In the first few miles of the race there were two or three attacks that went and were covered.  When the last one was brought back, I figured I would counter to see what would happen.  Turns out, no one wanted to ride with me, not even the USAC official on the motorcycle.  I’m not entirely sure what happened since he was behind me, but I guess the first time up heartbreak hill I was going so fast that I was putting the motorcycle into difficulty trying to keep my wheel.  Rather than back off and go up heartbreak at his own pace, the moto-official decided to drive off the road and crash.  Strange.  At the top of heartbreak hill my eyes came uncrossed just in time to recognize that I got the first KOM and saw where Randy Silva was standing to hand up a bottle for me the next trip up.  The next 45 miles were pretty uneventful.  Other than giving out some “keep kicking ass/passing on your left bell rings” to members of other races I passed, I tried to stay hydrated and fueled enough so that I could get up heartbreak hill the second time without walking.  A few miles before the right turn to the final ascent of heartbreak hill I got a time gap of 4:20 back to the group of chasers.  I had a fleeting thought of being able to win the race with that big of a time gap.  Then heartbreak hill happened…again.  I unleashed every sort of watt I had in my body to get up that damn hill.  Arm watts, day-glo watts, snot watts, sourdough watts, you name it.  As I crested the top and collected the second KOM I saw something shining thru my dark and blurred vision.  It was mighty glorious.  The only thing I could think of was “I want that!”.  As I rode toward the light my vision came back into focus and I saw Randy with a new water bottle for me in his left hand.  I quickly noticed the shining object  was a beer he was holding in his right hand.  Being no stranger to hand-ups during cross’ races and the fact that I was riding my cross’ bike, I made no mistake which vessel of greatness I was going to be rehydrating with.  I downed the liquid watts that are in a Java Stout and I felt like I had another gear as I began clipping off the miles to the finish line.  I made the right turn into the headwind and quickly realized that my “extra gear” was nothing more than descending in a tail wind…damn!  I was caught and passed by a group of three and the main group about a minute later.  My day was done.  As I struggled to turn over what gear I had left, I remembered that there was a Shell gas station that sold awesome burritos a block off course.  I went to the Shell, picked up a chile relleno burrito and as I was walking to the checkout I saw there was a special on 25oz cans of Budweiser 3 for $6.00.  What a deal, a whole ounce more than 24oz!  I scooped up the 3 tall cans of Bud Heavy and burrito and rode to the finish line where I found my teammates.  As the stories of the days racing began to unfold I couldn’t help but crack the tall cans and let them know “this Bud’s for you!”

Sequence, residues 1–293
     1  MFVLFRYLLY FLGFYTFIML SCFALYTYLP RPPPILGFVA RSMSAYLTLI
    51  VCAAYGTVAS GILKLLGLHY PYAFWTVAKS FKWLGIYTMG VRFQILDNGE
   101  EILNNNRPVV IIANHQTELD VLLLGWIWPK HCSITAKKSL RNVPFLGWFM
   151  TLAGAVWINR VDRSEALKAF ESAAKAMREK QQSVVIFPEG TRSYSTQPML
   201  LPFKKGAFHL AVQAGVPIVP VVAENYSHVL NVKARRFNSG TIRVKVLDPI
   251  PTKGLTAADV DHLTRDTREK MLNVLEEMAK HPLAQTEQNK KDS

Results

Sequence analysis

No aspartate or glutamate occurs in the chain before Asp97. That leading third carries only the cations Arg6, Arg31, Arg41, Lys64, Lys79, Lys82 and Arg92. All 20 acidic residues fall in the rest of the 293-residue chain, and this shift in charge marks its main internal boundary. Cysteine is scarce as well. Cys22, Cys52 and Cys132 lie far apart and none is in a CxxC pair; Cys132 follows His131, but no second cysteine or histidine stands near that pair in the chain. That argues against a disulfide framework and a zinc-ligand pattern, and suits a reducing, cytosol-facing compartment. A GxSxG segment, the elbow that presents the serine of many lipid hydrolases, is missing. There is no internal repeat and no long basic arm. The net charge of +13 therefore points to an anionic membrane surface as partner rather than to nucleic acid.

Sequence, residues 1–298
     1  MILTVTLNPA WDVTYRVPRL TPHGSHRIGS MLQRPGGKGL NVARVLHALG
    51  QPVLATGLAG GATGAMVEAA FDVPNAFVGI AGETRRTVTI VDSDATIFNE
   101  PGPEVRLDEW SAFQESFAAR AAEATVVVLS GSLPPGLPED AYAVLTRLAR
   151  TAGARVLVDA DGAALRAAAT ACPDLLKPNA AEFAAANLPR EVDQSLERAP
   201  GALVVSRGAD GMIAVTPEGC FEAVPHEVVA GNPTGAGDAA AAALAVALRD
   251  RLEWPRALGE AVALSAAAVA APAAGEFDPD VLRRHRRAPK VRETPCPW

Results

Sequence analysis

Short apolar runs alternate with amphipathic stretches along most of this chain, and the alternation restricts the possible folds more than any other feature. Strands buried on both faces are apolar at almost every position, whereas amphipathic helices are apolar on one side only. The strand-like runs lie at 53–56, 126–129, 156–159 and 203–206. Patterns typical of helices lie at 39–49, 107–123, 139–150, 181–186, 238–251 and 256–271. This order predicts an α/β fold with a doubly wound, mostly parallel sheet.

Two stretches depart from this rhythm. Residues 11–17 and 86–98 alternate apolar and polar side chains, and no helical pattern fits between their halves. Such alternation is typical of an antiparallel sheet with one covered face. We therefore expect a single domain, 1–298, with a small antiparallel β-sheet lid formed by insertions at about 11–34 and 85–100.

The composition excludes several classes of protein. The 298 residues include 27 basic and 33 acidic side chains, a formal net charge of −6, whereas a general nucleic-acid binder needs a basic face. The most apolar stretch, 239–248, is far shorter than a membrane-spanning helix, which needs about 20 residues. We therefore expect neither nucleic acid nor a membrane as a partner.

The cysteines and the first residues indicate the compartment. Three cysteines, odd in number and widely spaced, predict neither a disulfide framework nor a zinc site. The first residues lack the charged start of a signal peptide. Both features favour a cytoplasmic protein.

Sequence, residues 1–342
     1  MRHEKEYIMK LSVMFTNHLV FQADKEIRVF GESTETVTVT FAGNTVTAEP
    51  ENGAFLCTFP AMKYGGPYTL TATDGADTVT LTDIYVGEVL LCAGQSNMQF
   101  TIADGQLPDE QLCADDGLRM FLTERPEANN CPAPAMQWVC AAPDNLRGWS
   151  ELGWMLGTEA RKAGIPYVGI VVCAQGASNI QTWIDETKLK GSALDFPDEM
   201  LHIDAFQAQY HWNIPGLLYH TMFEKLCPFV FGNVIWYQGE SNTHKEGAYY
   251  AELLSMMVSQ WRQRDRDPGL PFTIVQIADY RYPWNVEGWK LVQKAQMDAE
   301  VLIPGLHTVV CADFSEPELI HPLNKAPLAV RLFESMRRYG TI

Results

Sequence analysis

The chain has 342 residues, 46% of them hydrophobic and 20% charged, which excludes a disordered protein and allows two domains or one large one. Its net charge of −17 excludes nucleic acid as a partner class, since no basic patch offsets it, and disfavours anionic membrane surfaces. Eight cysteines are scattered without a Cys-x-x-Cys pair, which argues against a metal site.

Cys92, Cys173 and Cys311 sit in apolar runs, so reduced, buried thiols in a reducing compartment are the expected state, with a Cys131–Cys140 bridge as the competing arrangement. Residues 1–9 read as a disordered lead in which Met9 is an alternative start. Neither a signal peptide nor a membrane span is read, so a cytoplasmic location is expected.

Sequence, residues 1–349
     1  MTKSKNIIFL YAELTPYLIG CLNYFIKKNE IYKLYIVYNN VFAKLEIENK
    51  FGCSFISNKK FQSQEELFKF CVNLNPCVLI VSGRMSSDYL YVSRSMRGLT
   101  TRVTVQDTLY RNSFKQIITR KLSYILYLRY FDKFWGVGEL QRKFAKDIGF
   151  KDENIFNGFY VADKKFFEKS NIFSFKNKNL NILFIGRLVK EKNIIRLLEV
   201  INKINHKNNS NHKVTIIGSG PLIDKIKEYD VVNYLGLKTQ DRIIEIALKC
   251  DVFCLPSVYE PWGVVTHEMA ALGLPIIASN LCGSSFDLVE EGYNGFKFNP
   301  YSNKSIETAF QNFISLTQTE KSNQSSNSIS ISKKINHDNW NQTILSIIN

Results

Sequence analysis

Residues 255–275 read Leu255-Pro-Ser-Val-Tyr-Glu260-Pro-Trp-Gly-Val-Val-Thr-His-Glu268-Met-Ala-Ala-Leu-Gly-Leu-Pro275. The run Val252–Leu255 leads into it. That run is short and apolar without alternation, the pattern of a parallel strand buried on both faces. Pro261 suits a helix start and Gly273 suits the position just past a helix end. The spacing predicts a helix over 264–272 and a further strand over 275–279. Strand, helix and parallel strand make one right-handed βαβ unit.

La Luz Repeats – a series – WEEK 2